For many of us, jungles are the domain of films like Tarzan or Cast Away and feel far removed from our everyday lives. But across the entire world they influence temperature, create rainfall, clean the air, stabilise soils, and provide food and materials for essential products, such that the future of humankind is intertwined with their disappearing wildlife and impending destruction. As Dr Patrick Roberts shows in this startlingly revisionist history of the world, this symbiotic relationship with tropical forests is anything but a recent development.
Jungle tells the remarkable story of the world's tropical forests, from the arrival of the first plants on Earth millions of years ago to the role of tropical forests in the evolution of the world's atmosphere, the dinosaurs, the first mammals and even our own species and its ancestors. Highlighting provocative new evidence garnered from cutting-edge research techniques – from plant genetics to laser scanning from aircraft – Dr Roberts shows, for example, that contrary to popular perceptions of jungles as inhospitable, our view of humans as 'savannah specialists' is wildly wrong, with people, produce and even cities thriving in tropical forests throughout history.
Human shaping of these environments also has deep historical roots. 'Anthropocene'-like impacts began not with the Industrial Revolution, but as early as 6,000 years ago in the tropics. Later, European colonialism set off unprecedented exploitation of their resources, natural and human, with fields mercilessly ploughed for uniform stands of new crops, forests felled for timber and mining, and millions of humans brutally uprooted from their homes. As Dr Roberts shows, these extractive processes set us on course for the environmental tipping point we're fast approaching, with mass-scale burning of the fossilized remains of forests now undoing millions of years of their planetary guardianship.
In showing how we are all inexorably linked to this issue, past and present, and by explaining what needs to be done to save our tropical forests, this tour de force challenges the way we think about the world, and ourselves. Urgent, clear-sighted and original, Jungle is a book for our times, but also for the ages.
Dr Patrick Roberts is Research Group Leader at the Max Planck Institute for the Science of Human History, Germany. He has worked in jungles across the world and has received numerous prestigious awards, including a European Research Council Starter Grant (€1.5 Million). He has written or co-authored 36 peer-reviewed journal articles and his work has featured on the BBC, Channel 4 and in The Times, among others. Author of the academic book Tropical Forest in Prehistory, History and Modernity, this is his first for a trade audience.
"Jungle is a bold, ambitious and truly wonderful history of the world that shows the vital importance of tropical forests to life on Earth"
– Peter Wohlleben, author of The Hidden Life of Trees
"A fascinating story and a crucial revision of the momentous importance of tropical forests to human history. Spanning from our very evolution as a species, to the early stages of globalisation and how we fill our kitchen cupboards today, we all owe far more to jungles than we realise"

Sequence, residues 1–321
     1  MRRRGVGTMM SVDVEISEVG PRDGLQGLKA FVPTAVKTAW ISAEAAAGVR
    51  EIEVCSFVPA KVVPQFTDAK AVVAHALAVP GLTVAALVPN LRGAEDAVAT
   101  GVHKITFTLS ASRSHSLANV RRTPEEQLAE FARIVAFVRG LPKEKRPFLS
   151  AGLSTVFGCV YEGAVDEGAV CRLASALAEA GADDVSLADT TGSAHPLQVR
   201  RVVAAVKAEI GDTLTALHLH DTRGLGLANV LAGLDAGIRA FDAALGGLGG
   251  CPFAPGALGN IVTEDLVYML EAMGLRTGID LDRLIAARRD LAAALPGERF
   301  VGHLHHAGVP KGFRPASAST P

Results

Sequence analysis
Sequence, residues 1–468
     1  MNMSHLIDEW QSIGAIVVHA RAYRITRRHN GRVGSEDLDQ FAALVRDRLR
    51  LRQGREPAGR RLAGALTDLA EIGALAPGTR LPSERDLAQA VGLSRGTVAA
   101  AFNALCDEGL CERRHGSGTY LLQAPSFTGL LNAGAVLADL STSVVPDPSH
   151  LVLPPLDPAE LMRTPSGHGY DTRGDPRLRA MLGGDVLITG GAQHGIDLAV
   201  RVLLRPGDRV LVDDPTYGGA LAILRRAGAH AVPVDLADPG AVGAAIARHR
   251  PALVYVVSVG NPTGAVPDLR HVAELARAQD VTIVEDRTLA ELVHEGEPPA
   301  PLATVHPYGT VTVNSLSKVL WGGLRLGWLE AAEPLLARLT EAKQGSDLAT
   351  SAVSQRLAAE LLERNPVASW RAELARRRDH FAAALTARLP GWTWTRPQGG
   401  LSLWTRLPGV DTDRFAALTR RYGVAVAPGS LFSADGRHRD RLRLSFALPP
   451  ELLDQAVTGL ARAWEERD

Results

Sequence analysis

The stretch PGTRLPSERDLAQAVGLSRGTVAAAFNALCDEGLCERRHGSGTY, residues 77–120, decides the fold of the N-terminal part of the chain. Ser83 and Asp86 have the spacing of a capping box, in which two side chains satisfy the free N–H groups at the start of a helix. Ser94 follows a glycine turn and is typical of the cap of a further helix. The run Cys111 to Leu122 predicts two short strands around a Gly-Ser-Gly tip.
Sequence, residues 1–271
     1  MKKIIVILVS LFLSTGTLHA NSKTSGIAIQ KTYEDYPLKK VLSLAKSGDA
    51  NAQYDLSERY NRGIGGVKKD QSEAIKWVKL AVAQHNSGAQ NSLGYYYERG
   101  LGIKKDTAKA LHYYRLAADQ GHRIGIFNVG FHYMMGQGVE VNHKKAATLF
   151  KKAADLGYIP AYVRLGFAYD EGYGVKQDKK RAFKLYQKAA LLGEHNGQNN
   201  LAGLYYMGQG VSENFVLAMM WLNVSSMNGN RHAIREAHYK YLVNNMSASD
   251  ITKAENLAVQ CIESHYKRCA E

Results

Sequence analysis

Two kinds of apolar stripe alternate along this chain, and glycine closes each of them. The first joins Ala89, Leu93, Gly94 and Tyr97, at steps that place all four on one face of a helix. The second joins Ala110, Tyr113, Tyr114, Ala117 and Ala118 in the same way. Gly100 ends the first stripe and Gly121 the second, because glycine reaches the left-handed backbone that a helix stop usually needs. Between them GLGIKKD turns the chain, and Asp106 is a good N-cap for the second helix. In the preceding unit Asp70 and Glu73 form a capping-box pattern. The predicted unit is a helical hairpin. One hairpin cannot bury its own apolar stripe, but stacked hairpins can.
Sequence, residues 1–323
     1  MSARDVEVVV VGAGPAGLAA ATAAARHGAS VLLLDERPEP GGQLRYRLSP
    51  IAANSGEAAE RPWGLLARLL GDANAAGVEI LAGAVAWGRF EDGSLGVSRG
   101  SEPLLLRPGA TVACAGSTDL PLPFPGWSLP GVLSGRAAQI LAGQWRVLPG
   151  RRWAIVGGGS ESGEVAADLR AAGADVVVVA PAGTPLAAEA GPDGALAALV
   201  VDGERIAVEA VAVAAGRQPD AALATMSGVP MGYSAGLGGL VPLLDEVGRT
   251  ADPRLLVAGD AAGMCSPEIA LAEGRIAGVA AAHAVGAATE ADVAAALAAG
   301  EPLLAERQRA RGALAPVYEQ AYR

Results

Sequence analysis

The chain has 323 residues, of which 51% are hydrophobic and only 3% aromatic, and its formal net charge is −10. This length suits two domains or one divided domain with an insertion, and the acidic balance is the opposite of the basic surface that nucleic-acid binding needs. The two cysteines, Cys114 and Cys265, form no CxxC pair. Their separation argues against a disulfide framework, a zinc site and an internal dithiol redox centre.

– Lewis Dartnell, author of Origins
"Welcome to the 'Jungle' – a breath-taking book showing that tropical forests were key to our evolution, provide fossil fuels for our modern carbon-hungry society and ultimately must be protected and restored if we are to have a future. This insightful and captivating book will ensure you never take our jungles for granted ever again"
– Mark Maslin, author of How to Save Our Planet
"There are many books on the history of trilobites and dinosaurs and other animals, but so few on the history of plants. Here the dynamic young scientist Patrick Roberts tackles the history of the tropics, from the coal swamps of 300 million years ago, through the co-evolutionary dance of dinosaurs and mammals and flowers, to how our own human history has been shaped by vegetation. As environments are changing rapidly around us today, this is a timely, readable and highly relevant history that celebrates the wonder and importance of jungles"
– Steve Brusatte, author of The Rise and Fall of the Dinosaurs
"Jungle sweeps the reader into the primordial heart of the earth, as if the crucible of life welcomed you to its sanctuary. Its revelations and stories will stir, rearrange and populate your mind for years to come. As a book, it is a joy, pure intellectual chocolate"
– Paul Hawken, editor of Drawdown
"An enthralling jungle-journey from the origins of life on this planet to the present day, Jungle provides a brilliant new perspective on our interaction with tropical forests, placing them at the centre of human experience – and it delivers a timely warning about our abuse of the environment"
– David Abulafia, author of The Great Sea
"Finally, a book on rainforests that does justice to their majesty and importance. Patrick Roberts skilfully and lucidly shows why tropical forests matter. He builds the case that people and tropical forests are intimately linked, whether you live in the rainforest or seemingly a world away. Those intricate links are more important than ever today, with ending deforestation playing a key role in solving the twin climate and biodiversity crises we face this century"
– Simon Lewis, co-author of The Human Planet
"Enormously ambitious, deeply researched, moves with great skill from ecology and evolution to history and politics"
– Michael Marshall, New Scientist
"Many European and American books and films imply that tropical forests are incapable of sustainably supporting large human societies. Jungle provides a superbly argued refutation of this long-held view [...] a thrilling reappraisal of our origins and our dependence on tropical forests"
– Charlie Pye-Smith, Literary Review